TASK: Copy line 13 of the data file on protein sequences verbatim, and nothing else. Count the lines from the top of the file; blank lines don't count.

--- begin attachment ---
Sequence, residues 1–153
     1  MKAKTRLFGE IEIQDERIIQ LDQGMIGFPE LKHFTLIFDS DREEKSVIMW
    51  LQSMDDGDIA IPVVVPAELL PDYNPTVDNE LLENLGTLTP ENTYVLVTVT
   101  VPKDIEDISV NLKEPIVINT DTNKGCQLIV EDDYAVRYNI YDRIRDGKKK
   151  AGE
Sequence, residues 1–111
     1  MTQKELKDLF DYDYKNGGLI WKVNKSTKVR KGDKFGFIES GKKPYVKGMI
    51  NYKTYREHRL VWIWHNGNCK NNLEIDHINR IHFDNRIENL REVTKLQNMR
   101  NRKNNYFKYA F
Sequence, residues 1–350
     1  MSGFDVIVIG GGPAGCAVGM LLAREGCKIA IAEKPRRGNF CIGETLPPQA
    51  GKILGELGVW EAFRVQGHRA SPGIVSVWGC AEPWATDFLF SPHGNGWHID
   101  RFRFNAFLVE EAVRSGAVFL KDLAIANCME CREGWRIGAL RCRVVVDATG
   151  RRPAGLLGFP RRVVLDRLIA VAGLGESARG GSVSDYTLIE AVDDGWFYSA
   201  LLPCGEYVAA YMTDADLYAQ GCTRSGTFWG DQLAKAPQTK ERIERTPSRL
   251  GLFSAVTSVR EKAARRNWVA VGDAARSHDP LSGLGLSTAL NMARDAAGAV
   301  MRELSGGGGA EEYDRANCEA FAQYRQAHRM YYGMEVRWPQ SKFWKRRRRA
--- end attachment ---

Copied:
   101  RFRFNAFLVE EAVRSGAVFL KDLAIANCME CREGWRIGAL RCRVVVDATG